12 MulticulturalismAn educational program recognizing the cultural diversity of the United States and promoting the equality of all cultural traditionsEurocentrism – the dominance of European (especially English) cultural patternsAfrocentrism – the dominance of African cultural patterns
13 INTERDEPENDENCE CULTURE INTEGRATION CULTURE LAG The close relationships among various elements of a cultural systemEXAMPLE: COMPUTERS AND CHANGES IN OUR LANGUAGECULTURE LAGThe fact that some cultural elements change more quickly than others, which may disrupt a cultural systemEXAMPLE: MEDICAL PROCEDURES AND ETHICS
14 CULTURE CHANGES IN THREE WAYS INVENTION - creating new cultural elementsTelephone or airplaneDISCOVERY – recognizing and better understanding of something already in existenceX-rays or DNADIFFUSION – the spread of cultural traits from one society to anotherJazz music or much of the English language
15 Ethnocentrism Cultural relativism The practice of judging another culture by the standards of one’s own cultureCultural relativismThe practice of judging a culture by its own standards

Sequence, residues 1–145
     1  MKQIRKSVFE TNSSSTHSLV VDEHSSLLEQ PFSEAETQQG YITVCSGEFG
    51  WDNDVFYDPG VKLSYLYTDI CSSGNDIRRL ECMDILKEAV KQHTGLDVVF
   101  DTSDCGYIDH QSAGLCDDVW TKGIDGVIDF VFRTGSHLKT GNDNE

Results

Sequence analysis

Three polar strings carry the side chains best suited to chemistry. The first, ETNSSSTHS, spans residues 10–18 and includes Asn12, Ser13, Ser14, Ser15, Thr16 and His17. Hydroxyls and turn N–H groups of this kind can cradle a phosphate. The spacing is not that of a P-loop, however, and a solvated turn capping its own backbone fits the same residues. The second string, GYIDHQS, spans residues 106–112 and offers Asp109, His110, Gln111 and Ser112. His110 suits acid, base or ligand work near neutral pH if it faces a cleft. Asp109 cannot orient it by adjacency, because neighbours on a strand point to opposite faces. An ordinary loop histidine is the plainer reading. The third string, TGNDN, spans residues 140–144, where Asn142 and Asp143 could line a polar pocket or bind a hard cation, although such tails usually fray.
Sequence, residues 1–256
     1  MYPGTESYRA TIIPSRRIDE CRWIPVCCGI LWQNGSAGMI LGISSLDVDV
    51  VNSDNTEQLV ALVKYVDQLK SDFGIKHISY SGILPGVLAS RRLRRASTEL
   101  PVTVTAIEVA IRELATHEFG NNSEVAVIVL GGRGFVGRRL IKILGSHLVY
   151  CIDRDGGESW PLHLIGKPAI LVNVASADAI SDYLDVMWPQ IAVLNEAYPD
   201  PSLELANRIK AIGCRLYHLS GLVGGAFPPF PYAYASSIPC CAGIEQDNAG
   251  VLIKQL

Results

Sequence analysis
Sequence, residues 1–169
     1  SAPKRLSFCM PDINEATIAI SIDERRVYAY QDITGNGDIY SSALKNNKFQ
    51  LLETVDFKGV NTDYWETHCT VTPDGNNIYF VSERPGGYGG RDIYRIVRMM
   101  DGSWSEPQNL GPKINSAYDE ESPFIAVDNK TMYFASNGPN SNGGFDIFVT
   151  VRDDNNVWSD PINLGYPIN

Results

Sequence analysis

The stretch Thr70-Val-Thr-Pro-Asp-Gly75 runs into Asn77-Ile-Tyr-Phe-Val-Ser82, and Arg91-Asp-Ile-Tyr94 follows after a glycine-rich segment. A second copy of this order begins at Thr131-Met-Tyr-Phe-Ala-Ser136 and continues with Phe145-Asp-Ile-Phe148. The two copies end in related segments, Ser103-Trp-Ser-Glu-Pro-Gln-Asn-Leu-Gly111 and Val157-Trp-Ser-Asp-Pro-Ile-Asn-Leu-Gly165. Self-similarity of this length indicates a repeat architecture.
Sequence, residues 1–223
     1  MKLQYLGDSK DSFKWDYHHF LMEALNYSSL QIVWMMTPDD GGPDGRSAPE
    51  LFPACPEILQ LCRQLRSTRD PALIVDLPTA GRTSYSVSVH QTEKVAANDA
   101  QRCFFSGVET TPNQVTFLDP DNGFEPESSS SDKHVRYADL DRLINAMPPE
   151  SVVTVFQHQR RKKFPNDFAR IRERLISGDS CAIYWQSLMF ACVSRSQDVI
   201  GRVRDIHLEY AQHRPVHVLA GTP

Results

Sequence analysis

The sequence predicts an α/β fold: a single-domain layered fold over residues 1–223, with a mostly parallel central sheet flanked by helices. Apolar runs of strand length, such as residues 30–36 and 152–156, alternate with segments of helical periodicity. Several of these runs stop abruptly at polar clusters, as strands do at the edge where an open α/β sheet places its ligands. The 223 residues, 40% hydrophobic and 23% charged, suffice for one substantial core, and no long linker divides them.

16 IS THERE A GLOBAL CULTURE? THE BASIC THESIS:THE FLOW OF GOODSMATERIAL PRODUCT TRADING HAS NEVER BEEN AS IMPORTANTSOME HATE WHAT CAN BE CALLED THE “AMERICANIZATION OF THE WORLD”THE FLOW OF INFORMATIONTHERE ARE FEW, IF ANY, PLACES LEFT ON EARTH WHERE WORLDWIDE COMMUNICATION IS NOT POSSIBLETHE FLOW OF PEOPLEKNOWLEDGE MEANS PEOPLE LEARN ABOUT PLACES ON EARTH WHERE THEY FEEL LIFE MAY BE BETTERPROBLEMS WITH THIS THESIS?ALL THE FLOWS HAVE BEEN UNEVENASSUMES AFFORDABILITY OF GOODSPEOPLE DON’T ATTACH THE SAME MEANING TO MATERIAL GOODS
17 Theoretical Analysis Structural Functional Cultural is a complex strategy for meeting human needsCultural Universals – traits that are part of every known culture and include:Family, Funeral Rites & JokesCritical evaluationIgnores cultural diversity and downplays importance of change
18 Theoretical Analysis Social-Conflict Critical evaluation Cultural traits benefit some members at the expense of othersApproach rooted in Karl Marx and materialism – society’s system of material production has a powerful effect on the rest of a cultureCritical evaluationUnderstates the ways cultural patterns integrate members into society
19 Theoretical Analysis Sociobiology Critical evaluation A theoretical paradigm that explores ways in which human biology affects how we create cultureApproach rooted in Charles Darwin and evolution – livings organism change over long periods of time based on natural selectionCritical evaluationMay be used to support racism or sexismLittle evidence to support theory, people learn behavior within a cultural system
20 Freedom Vs. Constraint Culture as constraint Culture as freedom We only know our world in terms of our cultureCulture as freedomCulture is changing and offers a variety of opportunities